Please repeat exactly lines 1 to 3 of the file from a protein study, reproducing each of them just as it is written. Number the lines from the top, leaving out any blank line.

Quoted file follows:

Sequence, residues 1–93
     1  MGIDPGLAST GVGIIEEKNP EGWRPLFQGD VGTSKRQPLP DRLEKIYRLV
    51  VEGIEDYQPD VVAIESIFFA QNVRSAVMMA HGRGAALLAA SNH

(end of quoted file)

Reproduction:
Sequence, residues 1–93
     1  MGIDPGLAST GVGIIEEKNP EGWRPLFQGD VGTSKRQPLP DRLEKIYRLV
    51  VEGIEDYQPD VVAIESIFFA QNVRSAVMMA HGRGAALLAA SNH